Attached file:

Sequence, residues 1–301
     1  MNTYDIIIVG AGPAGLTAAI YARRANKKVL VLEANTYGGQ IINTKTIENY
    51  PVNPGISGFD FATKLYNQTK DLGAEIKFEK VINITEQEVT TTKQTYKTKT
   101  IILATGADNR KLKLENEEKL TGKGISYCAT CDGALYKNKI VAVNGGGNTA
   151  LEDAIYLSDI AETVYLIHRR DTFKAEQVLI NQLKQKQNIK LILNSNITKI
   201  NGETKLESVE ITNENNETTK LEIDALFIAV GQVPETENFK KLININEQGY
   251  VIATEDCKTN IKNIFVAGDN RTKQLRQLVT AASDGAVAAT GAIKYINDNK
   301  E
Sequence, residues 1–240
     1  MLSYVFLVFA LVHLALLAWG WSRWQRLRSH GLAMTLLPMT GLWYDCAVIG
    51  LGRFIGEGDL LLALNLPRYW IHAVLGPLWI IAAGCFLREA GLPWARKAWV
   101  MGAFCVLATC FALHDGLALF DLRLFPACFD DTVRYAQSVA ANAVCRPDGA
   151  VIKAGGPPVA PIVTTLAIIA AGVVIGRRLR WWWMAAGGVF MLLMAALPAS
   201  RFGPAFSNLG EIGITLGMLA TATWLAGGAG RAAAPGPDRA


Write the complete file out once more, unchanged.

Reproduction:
Sequence, residues 1–301
     1  MNTYDIIIVG AGPAGLTAAI YARRANKKVL VLEANTYGGQ IINTKTIENY
    51  PVNPGISGFD FATKLYNQTK DLGAEIKFEK VINITEQEVT TTKQTYKTKT
   101  IILATGADNR KLKLENEEKL TGKGISYCAT CDGALYKNKI VAVNGGGNTA
   151  LEDAIYLSDI AETVYLIHRR DTFKAEQVLI NQLKQKQNIK LILNSNITKI
   201  NGETKLESVE ITNENNETTK LEIDALFIAV GQVPETENFK KLININEQGY
   251  VIATEDCKTN IKNIFVAGDN RTKQLRQLVT AASDGAVAAT GAIKYINDNK
   301  E
Sequence, residues 1–240
     1  MLSYVFLVFA LVHLALLAWG WSRWQRLRSH GLAMTLLPMT GLWYDCAVIG
    51  LGRFIGEGDL LLALNLPRYW IHAVLGPLWI IAAGCFLREA GLPWARKAWV
   101  MGAFCVLATC FALHDGLALF DLRLFPACFD DTVRYAQSVA ANAVCRPDGA
   151  VIKAGGPPVA PIVTTLAIIA AGVVIGRRLR WWWMAAGGVF MLLMAALPAS
   201  RFGPAFSNLG EIGITLGMLA TATWLAGGAG RAAAPGPDRA